“It’s directly contracting CMS to groups,” Crane said in an interview. “ACOs done right is how we refer to it colloquially.”

Such an alternative is needed, Crane said, to move care away from hospitals, which are the source of a lot of overspending because they have to support a big cost structure that includes, among other components, long-term labor contracts, mortgages, and retooling requirements to better match the new healthcare environment.

Bigger Push?

Azar noted that the Affordable Care Act and the Medicare Access and CHIP Reauthorization Act of 2015 (MACRA) vest HHS with “tremendous power to experiment with new payment models.”

“We are mindful that aggressive models have not always worked out, so appropriate guardrails will always be essential,” Azar said. “But make no mistake: We will use these tools to drive real change in our system.”

James Robinson, PhD, professor of health economics at the University Of California Berkeley School Of Public Health, said Azar could use such authority to accelerate the value-based payment shift.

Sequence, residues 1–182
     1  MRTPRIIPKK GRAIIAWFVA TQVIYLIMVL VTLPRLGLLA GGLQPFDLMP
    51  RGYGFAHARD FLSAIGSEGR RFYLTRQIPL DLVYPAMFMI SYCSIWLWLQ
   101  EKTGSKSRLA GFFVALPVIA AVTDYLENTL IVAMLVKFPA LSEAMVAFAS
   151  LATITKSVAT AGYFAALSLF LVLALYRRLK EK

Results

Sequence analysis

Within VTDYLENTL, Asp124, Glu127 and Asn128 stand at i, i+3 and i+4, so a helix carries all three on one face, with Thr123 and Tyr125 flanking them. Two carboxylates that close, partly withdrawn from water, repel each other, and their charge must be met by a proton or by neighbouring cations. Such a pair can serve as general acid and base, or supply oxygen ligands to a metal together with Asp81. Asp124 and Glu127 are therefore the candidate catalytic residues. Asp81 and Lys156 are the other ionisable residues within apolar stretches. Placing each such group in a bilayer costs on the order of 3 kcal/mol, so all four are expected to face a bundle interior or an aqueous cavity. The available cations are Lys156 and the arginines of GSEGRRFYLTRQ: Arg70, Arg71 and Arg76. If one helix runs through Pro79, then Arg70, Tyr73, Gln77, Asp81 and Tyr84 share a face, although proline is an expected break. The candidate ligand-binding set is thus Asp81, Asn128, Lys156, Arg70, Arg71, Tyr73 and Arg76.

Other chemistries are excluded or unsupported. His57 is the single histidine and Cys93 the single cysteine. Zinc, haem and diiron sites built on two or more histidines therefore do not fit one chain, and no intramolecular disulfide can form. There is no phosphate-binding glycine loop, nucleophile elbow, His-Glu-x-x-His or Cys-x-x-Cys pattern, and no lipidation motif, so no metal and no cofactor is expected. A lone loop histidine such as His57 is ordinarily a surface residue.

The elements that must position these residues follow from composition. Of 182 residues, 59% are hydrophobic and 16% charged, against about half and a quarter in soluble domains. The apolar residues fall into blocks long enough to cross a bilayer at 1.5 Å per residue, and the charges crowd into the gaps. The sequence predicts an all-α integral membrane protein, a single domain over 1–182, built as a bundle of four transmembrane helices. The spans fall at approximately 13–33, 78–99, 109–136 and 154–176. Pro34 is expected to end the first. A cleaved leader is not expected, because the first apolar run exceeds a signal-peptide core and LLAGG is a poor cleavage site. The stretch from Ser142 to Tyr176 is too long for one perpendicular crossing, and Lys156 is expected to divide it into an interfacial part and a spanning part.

“He could say, ‘Providers, if you don’t go for these value-based payment things that I’ve just defined over here, then FFS is 20 percent cut; we’re really going to make it real,’” Robinson said in an interview.

Such a strategy would be a sharp departure from Azar’s predecessor, Tom Price, MD, who was moving federal models from mandatory to voluntary approaches before resigning in September.

Existing Models

Patel said Azar should use his expansive authority in a hard-charging way to improve existing payment models by removing barriers that impede their functioning, such as data limitations, a lack of electronic health record interoperability, a lack of device integration, and flaws in MACRA’s primary physician payment program.

“Make what’s existing perform at an optimal level—he has the authority to do it,” she said.